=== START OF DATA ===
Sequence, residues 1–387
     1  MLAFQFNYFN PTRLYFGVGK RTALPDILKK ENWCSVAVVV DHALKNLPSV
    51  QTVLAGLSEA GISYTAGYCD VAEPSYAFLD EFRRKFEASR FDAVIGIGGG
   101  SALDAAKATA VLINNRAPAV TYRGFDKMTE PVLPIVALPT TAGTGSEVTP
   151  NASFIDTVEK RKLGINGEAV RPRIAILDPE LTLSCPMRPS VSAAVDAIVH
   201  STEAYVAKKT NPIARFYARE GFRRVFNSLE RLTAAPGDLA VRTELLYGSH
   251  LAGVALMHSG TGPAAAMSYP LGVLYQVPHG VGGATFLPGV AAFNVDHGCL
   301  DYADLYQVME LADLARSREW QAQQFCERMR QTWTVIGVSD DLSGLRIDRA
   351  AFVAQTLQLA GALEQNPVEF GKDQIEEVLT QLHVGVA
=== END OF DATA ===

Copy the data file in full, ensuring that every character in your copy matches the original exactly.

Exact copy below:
Sequence, residues 1–387
     1  MLAFQFNYFN PTRLYFGVGK RTALPDILKK ENWCSVAVVV DHALKNLPSV
    51  QTVLAGLSEA GISYTAGYCD VAEPSYAFLD EFRRKFEASR FDAVIGIGGG
   101  SALDAAKATA VLINNRAPAV TYRGFDKMTE PVLPIVALPT TAGTGSEVTP
   151  NASFIDTVEK RKLGINGEAV RPRIAILDPE LTLSCPMRPS VSAAVDAIVH
   201  STEAYVAKKT NPIARFYARE GFRRVFNSLE RLTAAPGDLA VRTELLYGSH
   251  LAGVALMHSG TGPAAAMSYP LGVLYQVPHG VGGATFLPGV AAFNVDHGCL
   301  DYADLYQVME LADLARSREW QAQQFCERMR QTWTVIGVSD DLSGLRIDRA
   351  AFVAQTLQLA GALEQNPVEF GKDQIEEVLT QLHVGVA